Default image blocking continues to gather momentum

For the most current results on image blocking in email clients, view our updated post.

Screenshot of the new AOL.com mail interfaceAOL recently updated their web-based software for all AOL.com and AIM.com email accounts. We've had a quick look around and even done some preliminary CSS testing. The good news is that CSS support is top notch, as in as good as Yahoo!, which was great to see. The not-so-good news was that images are now blocked by default for all unknown senders.

In the scheme of things, this isn't really that big a deal. Image blocking is the norm in most modern email clients and we've been promoting the idea of designing for images being turned off for the last couple of years.

So why are we even bothering announcing this? Because some people need to hear things 10 times before they sink in. We still see the occasional customer sending largely image based designs for their clients. We point them to our makeovers and reports, but some still don't seem to get the point.

Consider this another tap on the shoulder about image blocking.

On top of getting your design right, make sure you check out our other tips for minimizing the negatives of image blocking, such as becoming a "safe sender".

Read this post Posted by David Greiner - 5 Comments

T-shirt update: The votes are in!

First off, a big thanks to everyone who voted and left comments in our quick survey. We had hundreds of votes cast and decided to go with the top 3 designs as voted by you. Luckily for us, there were 3 fairly clear winners, and the number one choice got a vote from almost half of you. That one's gonna be popular.

Not long now...

Right now we're working with a professional designer to bring the selected designs to life, and as soon as that's been finalized we'll be announcing the winners and final designs here. Hopefully this won't take more than a week or two to wrap up.

Read this post Posted by David Greiner - 9 Comments

Add inline CSS to your web version, unsubscribe and forward to a friend links

If you're used to coding your email newsletters for Gmail, you're probably an expert on inline CSS by now. As our recent CSS research highlighted, Gmail doesn't support the <style> or <link> element. This means if you want your links to be in a size 11 font and a light blue color, you'll need to code something like...

<a href="http://www.campaignmonitor.com" style="font-size:11px;color:#4fb5e9;">Visit the web site</a> to find out more

OK, kind of annoying but it works. But what about our automatically generated links for unsubscribing, linking to a web-based version and adding a forward to a friend link. As you know, these are generated after you import your design from the tags present in your HTML, such as <unsubscribe> and <webversion> and up until now you couldn't add your own inline CSS to them. Well, not until today anyway.

Introducing the style="" attribute

By adding a style="" attribute to the unsubscribe, webversion and forward a friend tags, we'll automatically add that inline CSS to the personalized links we create for each recipient.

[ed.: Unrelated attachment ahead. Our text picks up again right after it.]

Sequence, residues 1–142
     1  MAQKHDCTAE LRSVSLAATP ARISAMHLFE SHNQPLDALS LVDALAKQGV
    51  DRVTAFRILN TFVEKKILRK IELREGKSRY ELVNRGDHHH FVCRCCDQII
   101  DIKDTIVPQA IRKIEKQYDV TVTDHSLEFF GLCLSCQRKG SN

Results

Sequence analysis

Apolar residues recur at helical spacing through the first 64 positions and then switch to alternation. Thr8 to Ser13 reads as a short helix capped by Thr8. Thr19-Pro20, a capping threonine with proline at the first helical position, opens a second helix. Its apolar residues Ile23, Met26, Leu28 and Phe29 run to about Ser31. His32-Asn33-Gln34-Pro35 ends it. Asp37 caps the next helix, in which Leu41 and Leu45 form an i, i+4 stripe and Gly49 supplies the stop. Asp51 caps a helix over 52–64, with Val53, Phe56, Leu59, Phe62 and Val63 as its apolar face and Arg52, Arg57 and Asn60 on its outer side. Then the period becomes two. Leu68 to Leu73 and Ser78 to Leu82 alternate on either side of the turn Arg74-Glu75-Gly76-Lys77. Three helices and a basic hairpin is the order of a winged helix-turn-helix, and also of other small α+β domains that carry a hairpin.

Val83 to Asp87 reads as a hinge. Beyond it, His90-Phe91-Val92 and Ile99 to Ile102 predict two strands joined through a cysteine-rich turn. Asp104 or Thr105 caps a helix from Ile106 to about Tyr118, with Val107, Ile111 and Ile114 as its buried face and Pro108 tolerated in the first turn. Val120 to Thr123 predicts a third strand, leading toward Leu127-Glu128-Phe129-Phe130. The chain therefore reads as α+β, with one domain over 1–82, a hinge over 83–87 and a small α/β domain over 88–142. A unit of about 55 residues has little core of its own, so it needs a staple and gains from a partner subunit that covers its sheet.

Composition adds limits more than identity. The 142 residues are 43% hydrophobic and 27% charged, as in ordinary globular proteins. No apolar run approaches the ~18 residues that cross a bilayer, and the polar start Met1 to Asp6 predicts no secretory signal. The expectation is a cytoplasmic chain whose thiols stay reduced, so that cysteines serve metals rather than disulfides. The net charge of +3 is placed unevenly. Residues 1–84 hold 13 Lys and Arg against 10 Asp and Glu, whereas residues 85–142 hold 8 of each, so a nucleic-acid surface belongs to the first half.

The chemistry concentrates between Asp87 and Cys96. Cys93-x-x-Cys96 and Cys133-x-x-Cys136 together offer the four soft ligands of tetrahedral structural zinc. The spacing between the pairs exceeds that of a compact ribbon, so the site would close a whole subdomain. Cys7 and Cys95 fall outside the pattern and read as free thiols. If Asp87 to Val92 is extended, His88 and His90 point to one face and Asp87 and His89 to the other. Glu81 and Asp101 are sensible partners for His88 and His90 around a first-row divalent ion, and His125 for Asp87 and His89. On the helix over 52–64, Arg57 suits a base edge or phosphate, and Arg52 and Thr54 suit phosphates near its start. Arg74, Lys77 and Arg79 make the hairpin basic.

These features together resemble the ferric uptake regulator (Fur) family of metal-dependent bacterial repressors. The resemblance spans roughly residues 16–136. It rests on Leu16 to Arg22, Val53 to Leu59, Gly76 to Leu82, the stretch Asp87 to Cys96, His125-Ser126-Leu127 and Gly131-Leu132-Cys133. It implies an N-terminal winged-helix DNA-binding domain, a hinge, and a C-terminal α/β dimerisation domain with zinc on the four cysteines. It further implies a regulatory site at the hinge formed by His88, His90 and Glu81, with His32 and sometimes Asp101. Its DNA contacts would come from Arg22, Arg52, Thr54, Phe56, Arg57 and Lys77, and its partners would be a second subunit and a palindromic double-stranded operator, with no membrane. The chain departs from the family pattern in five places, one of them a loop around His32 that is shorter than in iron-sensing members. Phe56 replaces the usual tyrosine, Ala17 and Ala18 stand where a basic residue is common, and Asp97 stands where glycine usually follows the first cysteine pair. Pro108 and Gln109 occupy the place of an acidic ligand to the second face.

Using our example above, let's say we want to make our unsubscribe link at the bottom of the email blue and in size 11 font.

<unsubscribe style="font-size:11px;color:#4fb5e9;">Unsubscribe</unsubscribe> from our monthly newsletter list

We'd get <a href="http://www.unsubscribeaddress.com" style="font-size:11px; color:#4fb5e9;">Unsubscribe</a> from our monthly newsletter list

You can use exactly the same technique for the web version and forward to a friend tags too, such as <forwardtoafriend style=""></forwardtoafriend> and <webversion style=""></webversion>.

Read this post Posted by David Greiner - 15 Comments

Testing the plain text version of your email

When you create a campaign with Campaign Monitor, you can select to send it in plain text, just html or multipart text+html formats. Now testing an email that is just text is pretty straightforward, and testing the html portion is also easy, but how do you see the plain text part of a multipart email? Here's how to check what people will see if their email client is setup to show text only.

Testing using Thunderbird

Thunderbird screenshot showing View menu

Thunderbird is a cross platform, free email client, and it lets you easily view the plain text version of a multipart email.

View / Message Body As / Plain Text

Testing using Apple Mail

Mail screenshot showing View menu

Apple Mail has the same functionality built in:

View / Message / Plain text alternative

In both clients, you can swap back and forth between html and text views.

Outlook: Unfortunately, there does not appear to be a way to view the plain text in Outlook. We'd suggest you just grab Thunderbird and use it to check your campaigns. Now that Campaign Monitor remembers your test addresses it's even easier to set up a consistent test process.

Read this post Posted by Mathew Patterson - 8 Comments

Fresh new gallery entries

The Medium Competitive Review Desktop

We've been adding fantastic new entries to our design gallery recently, in a variety of different styles. We've also made it easy to browse the 20 most popular gallery entries; perfect for some instant inspiration.

You can also subscribe to the gallery's own RSS feed to be notified when we post new entries.

Read this post Posted by Mathew Patterson
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